3. It's fair to say, what do our generation know about being a Dad in today's world, we are very different to our fathers generation, what example do we have to gage, or compare our selves to, it's a very different prospect compared to what our fathers lives were like, and the pressure is there, we don't know if what we are doing is the right way or the wrong way, we have nothing to go on and no one to ask or guide us.

  4. I had that expectation as well…where the media led to expect this feeling of love and adoration once my daughter was born which I did not have…I was afraid and had no idea why. It was not until years later in counselling it was explained to me why tbh and when explained it was obvious.
    She had a traumatic birth that I witnessed…she spent a week in the ICU… and I was scared for her safety and have been ever since which showed exactly how much I loved her because I had never cared for anyone at that level in my life…even for myself !!

  5. Having gone through a lengthy IVF process my experience is totally opposite. Trying to cope with potential childlessness was a terrible wieght on my mind and happiness. Since I had my twins, it's tough, but I feel so centered and whole, and I look forward to the future. But yes, I am always tired, 100% of the time!

  6. Interesting video as someone who had a child during lockdown. Elements of this rang true but I just feel lucky. You should do something on men’s relationships with their fathers. I read that something like a third of British men are estranged from their dads. Which is tragic but also fascinating. Like, why?

  7. This was interesting, but it sounded like none of the dads featured had actually become new dads during lockdown. I'd like to hear more from dads such as myself who have had this dramatic shift in their lives whilst also in the midst of a global pandemic. It's been so, so difficult.

  8. Thank you for this, really interesting episode Iman. I wasn't a huge fan of the ending? I feel like "yeah we're just tired" is sweeping it back under the carpet after it's just been brought out into the open – specifically, the feeling of inadequacy described. Is there a link between the feeling of inadequacy, and the way which the men felt unimportant/unrecognised/ignored during the pregnancy?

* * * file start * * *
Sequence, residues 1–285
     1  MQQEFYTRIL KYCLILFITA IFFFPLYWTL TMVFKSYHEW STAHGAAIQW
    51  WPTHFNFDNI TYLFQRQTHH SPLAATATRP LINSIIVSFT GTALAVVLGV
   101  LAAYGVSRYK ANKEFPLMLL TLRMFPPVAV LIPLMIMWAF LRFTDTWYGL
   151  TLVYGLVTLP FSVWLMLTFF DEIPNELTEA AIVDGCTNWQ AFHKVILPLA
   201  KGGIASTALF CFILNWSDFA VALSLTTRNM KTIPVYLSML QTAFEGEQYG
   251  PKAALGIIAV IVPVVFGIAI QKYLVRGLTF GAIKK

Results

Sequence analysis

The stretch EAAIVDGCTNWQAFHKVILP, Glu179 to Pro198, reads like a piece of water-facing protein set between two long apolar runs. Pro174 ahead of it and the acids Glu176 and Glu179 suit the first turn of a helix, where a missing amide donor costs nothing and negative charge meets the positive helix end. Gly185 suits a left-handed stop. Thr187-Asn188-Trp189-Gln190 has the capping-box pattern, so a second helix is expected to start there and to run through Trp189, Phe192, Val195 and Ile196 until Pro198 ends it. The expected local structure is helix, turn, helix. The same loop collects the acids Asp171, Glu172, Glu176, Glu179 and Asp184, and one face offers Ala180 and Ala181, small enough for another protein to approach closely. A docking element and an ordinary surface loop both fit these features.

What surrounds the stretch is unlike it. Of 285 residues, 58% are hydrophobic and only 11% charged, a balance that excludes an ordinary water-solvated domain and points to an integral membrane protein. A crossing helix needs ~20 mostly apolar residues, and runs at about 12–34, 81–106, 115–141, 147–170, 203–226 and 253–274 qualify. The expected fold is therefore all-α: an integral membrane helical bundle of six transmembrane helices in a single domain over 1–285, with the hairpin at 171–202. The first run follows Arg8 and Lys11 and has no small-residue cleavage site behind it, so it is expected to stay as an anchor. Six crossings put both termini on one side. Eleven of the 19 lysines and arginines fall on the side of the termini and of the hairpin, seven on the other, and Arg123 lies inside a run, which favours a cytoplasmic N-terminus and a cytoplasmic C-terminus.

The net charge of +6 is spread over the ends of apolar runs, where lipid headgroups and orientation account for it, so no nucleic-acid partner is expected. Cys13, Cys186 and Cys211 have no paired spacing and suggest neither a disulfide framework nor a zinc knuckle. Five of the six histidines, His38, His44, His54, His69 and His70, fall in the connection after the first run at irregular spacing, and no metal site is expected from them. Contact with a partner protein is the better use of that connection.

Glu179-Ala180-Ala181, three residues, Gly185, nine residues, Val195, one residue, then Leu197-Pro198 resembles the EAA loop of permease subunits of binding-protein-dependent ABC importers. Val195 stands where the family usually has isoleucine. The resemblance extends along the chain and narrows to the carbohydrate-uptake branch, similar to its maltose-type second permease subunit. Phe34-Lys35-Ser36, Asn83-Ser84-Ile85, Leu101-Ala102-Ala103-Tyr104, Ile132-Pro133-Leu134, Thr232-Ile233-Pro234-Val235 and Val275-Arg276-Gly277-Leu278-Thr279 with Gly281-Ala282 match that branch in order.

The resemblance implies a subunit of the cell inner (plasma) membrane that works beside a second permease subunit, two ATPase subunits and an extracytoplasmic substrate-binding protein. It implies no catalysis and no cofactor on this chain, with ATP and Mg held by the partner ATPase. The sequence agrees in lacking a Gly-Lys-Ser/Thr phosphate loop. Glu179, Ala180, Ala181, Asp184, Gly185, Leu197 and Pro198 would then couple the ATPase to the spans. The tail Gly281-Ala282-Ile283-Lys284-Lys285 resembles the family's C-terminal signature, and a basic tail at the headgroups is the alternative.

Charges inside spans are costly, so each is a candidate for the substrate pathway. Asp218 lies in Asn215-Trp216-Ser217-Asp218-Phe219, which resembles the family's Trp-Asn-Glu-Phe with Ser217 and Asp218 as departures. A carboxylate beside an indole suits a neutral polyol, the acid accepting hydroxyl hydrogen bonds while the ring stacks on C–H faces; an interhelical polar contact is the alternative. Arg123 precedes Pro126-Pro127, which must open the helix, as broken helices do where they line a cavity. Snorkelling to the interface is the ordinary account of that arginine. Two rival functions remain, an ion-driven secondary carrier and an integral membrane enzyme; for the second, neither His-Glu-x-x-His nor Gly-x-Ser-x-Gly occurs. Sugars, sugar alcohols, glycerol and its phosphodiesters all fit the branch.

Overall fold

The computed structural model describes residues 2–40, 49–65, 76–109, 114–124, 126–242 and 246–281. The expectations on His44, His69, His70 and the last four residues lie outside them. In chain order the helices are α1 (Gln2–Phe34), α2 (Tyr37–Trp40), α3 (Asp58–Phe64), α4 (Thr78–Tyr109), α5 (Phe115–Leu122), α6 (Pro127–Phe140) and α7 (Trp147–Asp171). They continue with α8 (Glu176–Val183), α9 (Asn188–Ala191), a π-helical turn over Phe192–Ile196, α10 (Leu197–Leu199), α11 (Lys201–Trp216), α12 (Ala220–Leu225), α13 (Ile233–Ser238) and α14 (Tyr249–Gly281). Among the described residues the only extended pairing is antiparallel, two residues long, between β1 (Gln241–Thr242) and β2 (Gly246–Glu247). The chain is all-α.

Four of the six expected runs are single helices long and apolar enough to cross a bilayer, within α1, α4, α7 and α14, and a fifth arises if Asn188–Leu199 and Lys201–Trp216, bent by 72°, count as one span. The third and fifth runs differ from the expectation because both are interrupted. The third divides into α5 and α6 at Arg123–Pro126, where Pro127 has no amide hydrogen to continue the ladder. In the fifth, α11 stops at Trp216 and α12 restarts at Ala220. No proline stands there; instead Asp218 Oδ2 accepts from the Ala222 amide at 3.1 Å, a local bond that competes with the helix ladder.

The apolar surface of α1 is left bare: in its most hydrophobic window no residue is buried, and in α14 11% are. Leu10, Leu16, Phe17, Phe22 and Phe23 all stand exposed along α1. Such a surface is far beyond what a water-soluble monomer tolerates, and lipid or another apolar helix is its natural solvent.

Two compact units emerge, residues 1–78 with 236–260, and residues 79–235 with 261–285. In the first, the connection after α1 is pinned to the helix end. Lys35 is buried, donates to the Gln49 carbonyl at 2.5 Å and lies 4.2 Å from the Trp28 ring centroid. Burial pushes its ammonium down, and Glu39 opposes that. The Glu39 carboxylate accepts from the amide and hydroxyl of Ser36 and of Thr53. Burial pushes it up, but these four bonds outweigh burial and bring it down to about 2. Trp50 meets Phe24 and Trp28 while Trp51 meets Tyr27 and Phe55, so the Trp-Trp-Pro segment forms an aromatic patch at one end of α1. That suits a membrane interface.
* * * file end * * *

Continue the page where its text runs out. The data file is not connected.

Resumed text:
No hate at all – I've loved series 1+2 and I hope this is the start of series 3! I am definitely not your typical guardian reader, so thank you for what you're doing.

  9. I am honestly so happy that this series exists. Main media wouldn't want to talk much about men's problems cause it doesnt garner as much attention but you guys have shown that there are so much things within the realm of men for us to look at and improve upon.

    Thank you so much for what you guys do!

  10. Try being a father of a child with level 3 ASD, ADHD and ODD, and having no secure work, living on minimum wage, a wife that can't work because she has to look after our daughter 24/7, and an extended family (on both sides) that rarely cares. Add to that, doctors and therapists that have no cure for ASD. It makes for a bizarre and cruel life.

  11. Just don't get married, it gives men no benefits and leaves us as slaves to a wife. If a woman decides to divorce, the man loses everything, if she cheats, he loses everything and she likely keeps the children whilst a man still pays. Watch Coach Greg Adams

  12. This is wrong. Society encourages the feminisation (and thus weakening) of men, in this case by connecting with their feelings. It’s one reason why there’s been an increase in mental health problems. People should be encouraged to stay quiet and to live with it, until they really can’t cope. They should be encouraged to stay strong and use it as fuel for self-improvement. That’s how they’ll feel proud of themselves. To be weak is to fail.